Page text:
Residents in the Gaza Strip, including many young people, have ended their lives because of the difficulties of living in the Strip, TPS has learned.
Ahmed Khalidi, a local young man, was taken to the Indonesian hospital in the Gaza Strip on Sunday after trying to commit suicide by swallowing pills. Urgent medical treatment saved his life. Khalidi was saved; however, many young people in the Gaza Strip have put an end to their lives in recent months due to the dreadful living conditions in the Gaza Strip, under the Hamas regime.
This weekend, 23-year-old Sleiman Ajuri committed suicide by shooting himself in the head. Ajuri was one of the activists of the “Want to Live” protest movement, which came out against Hamas about a year and a half ago and its people were strongly oppressed.
Ibrahim Yassin, 21, also died of his wounds after burning himself a few days ago. Like them, Ayman Al-Ghul, a 24-year-old from Shati camp, also ended his life by jumping off a building.
Hours before Al-Ghul put an end to his life, a 30-year-old woman attempted to commit suicide as a result of a family dispute. She is in critical condition. The young woman is the wife of the leader of the extreme Beit Al-Makdis Salafi group; she had previously tried to end her life by hanging, following her husband’s marriage to another woman.
Another 35-year-old woman died by suicide a few days ago, also due to family issues.
The list of residents of the Gaza Strip who were registered as dying “in unclear circumstances” include a teacher, a 65-year-old woman and a 90-year-old elderly woman who suffered from Alzheimer’s disease.
Many young people, including teenagers, have died by suicide through jumping from rooftops or self-immolation.
Some of the suicides occurred in Hamas prisons and interrogation facilities and a source in the Gaza Strip told TPS that at least three people had committed suicide in torture cells.
The Gaza Strip has recorded a sharp increase in suicide rates in recent months. Most of it is due to emotional stress, the poor socio-economic situation and poverty.
The Human Rights Center in the Gaza Strip claims there has been a noticeable rise in suicide in recent months and that too many cases are defined as “death in unnatural circumstances,” far beyond local statistics.
In April this year, eight such cases occurred; in March there were 35 cases and in February, 11 cases occurred.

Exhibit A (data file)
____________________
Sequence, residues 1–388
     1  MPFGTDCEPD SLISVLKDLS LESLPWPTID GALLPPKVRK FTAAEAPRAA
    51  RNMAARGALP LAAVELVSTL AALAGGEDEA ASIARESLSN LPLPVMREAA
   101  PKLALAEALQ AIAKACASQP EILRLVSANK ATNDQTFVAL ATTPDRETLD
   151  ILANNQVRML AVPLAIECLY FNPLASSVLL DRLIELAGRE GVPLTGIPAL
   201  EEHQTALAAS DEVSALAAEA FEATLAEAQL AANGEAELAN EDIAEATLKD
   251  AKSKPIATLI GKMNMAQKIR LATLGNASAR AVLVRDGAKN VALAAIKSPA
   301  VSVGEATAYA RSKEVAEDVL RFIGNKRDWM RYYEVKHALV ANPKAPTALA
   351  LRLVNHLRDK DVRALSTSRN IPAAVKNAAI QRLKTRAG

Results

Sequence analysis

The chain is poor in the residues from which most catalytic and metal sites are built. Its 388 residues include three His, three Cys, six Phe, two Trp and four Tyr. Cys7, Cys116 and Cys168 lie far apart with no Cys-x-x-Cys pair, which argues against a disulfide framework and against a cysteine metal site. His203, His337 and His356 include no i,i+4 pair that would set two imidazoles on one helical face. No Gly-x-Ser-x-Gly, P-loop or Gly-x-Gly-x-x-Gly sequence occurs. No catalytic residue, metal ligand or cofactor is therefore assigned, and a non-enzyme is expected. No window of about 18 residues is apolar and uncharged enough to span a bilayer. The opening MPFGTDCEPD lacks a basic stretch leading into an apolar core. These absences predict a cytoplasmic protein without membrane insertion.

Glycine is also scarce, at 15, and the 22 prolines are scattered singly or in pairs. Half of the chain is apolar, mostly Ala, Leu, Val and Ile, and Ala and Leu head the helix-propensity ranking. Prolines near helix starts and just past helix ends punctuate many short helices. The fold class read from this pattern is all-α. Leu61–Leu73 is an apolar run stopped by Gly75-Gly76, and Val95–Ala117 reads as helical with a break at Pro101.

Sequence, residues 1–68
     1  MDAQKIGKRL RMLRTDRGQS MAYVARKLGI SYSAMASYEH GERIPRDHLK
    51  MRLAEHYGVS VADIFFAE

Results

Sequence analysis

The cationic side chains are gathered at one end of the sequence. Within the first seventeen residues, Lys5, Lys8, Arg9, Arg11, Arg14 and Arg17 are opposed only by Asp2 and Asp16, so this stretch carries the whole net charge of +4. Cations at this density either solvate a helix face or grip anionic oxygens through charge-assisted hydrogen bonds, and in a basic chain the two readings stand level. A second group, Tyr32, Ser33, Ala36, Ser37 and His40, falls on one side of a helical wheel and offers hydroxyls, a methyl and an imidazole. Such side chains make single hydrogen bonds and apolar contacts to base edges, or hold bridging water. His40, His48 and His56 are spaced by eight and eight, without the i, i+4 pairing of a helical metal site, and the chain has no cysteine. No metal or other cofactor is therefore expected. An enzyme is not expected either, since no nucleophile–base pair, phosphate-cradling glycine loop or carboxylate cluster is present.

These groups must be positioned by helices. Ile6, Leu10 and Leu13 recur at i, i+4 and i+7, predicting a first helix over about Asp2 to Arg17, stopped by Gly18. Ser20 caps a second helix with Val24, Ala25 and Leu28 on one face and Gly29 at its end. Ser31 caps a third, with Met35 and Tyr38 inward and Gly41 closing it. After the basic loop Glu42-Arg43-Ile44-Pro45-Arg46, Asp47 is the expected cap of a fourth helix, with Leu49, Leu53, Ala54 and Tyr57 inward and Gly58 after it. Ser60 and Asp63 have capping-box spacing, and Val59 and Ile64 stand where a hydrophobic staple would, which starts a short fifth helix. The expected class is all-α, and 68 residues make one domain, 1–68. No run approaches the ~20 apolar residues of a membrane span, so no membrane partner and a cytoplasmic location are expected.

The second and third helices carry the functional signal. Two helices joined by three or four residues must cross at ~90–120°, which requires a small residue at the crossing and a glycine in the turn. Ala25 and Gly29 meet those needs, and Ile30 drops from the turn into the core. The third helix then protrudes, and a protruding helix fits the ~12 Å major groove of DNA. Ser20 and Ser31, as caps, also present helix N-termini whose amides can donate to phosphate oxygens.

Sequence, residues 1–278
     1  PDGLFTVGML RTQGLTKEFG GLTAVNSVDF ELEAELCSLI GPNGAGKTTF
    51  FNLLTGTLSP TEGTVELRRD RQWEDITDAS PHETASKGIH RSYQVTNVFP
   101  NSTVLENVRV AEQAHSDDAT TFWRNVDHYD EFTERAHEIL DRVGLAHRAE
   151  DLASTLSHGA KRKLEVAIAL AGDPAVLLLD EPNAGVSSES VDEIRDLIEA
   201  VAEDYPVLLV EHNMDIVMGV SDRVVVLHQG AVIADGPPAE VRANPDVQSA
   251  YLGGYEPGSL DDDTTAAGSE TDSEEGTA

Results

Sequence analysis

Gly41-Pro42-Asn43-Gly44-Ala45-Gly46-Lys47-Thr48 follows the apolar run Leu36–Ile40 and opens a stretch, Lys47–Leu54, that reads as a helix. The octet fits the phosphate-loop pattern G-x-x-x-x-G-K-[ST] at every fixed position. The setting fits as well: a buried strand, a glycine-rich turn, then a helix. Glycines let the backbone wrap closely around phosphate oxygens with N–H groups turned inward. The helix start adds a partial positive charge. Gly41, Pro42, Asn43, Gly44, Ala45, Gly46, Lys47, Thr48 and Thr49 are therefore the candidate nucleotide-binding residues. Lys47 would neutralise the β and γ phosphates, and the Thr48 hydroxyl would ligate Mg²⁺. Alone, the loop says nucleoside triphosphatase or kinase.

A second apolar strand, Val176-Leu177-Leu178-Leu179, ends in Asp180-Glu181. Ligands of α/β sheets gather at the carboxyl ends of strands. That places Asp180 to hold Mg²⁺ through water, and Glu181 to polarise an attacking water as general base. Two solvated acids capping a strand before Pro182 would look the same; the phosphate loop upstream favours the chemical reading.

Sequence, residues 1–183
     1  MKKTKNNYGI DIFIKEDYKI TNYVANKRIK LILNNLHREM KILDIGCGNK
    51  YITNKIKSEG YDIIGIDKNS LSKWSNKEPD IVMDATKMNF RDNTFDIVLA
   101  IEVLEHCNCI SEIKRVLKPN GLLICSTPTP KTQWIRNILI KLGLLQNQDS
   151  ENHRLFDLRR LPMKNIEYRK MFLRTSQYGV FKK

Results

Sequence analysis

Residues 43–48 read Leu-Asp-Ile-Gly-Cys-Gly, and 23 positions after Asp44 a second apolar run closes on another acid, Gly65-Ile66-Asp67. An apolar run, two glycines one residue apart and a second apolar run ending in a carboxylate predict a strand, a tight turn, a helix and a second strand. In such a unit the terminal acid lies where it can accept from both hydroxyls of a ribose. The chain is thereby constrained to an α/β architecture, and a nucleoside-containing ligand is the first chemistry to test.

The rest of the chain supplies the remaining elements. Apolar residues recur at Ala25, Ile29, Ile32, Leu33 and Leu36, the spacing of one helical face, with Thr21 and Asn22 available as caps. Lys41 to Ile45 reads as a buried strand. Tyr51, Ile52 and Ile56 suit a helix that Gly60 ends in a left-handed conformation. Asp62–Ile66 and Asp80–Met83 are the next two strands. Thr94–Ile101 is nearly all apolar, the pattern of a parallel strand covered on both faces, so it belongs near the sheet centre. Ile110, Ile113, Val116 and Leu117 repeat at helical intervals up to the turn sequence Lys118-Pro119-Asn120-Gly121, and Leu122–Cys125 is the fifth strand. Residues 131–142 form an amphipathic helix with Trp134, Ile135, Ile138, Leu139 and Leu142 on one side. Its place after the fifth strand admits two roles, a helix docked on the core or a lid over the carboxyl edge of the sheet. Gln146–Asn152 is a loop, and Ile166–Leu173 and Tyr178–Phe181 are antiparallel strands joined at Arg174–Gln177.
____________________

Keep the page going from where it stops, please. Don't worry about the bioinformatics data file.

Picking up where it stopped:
Clerics in the Gaza Strip have recently addressed their sermons to the youth and have come out against the phenomenon of suicide, which is forbidden according to Shari’a Law in Islam.
One of the clerics in Gaza said, “Palestinians should not be surprised at the phenomenon, since a Palestinian boy, before he commits suicide, is slaughtered a thousand times during his life due to the difficult circumstances.”
Sources in Gaza say that the most common causes of suicide are unemployment, poverty and depression and emotional stress, as well as family conflicts.
Various elements, including the Human Rights Center, complain that both the Palestinian Authority (PA) and Hamas are responsible for the alarming phenomenon. With regard to data in the Gaza Strip, they state that Hamas hides information in the absence of professional treatment for the phenomenon.
Over the weekend, the Democratic Front for the Liberation of Palestine (DFLP) and the Popular Front for the Liberation of Palestine (PFLP) terror groups released messages expressing grave concern over the increase in suicide rates and attributed the responsibility for the suicides to the Hamas government and the PA.
The DFLP stated that the heavy taxes, the delay in salaries, as well as poverty, hunger and unemployment and the closure of the Gaza Strip and military events, are all the main causes of the severe phenomenon.
An official in the Gaza Strip told TPS that life in the Gaza Strip has led to a steep rise in suicides and emigration from the Strip.
Last year, TPS published an investigation on emigration from Gaza that found many young people in the Gaza Strip are looking for a better future in Europe. They embark on “death journeys” that pass through Egypt, Mauritania, Mali, Nigeria, Algeria, Morocco, Spain, France and Belgium, which is considered a desirable destination for young people.
Various estimates published at the end of 2018 showed that there was an increase in Gaza residents leaving the Strip. About 36,000 left the Rafah crossing, but only 17,000 returned to the Strip, and it appears that those who left the Gaza Strip decided to emigrate abroad.
Official data from the Gaza Strip, including those from the Bar Association which handles requests, indicate that in 2018, 15,600 exit permits were issued for those seeking to renew their passports to begin the journey from Gaza to Europe. This is an average figure in recent years. The Bar Association says that 52,000 passport renewal applications have been registered in the Gaza Strip over the past three years.
Belgium is one of the sought-after destinations for Gaza residents and about a year ago the Palestinian Authority Arab community in Brussels numbered over 22,000 young people, most of them from the Gaza Strip.
According to data from Palestinian Authority organizations in Belgium, most of the immigrants are students in their mid-twenties who have not been able to get into the job market after graduating.
Nader Abu Amra, chairman of the Palestinian Youth Association in Belgium, said the figures indicate that 70 percent of Palestinians who arrive in Belgium sign a waiver of their Palestinian citizenship as part of the local procedure.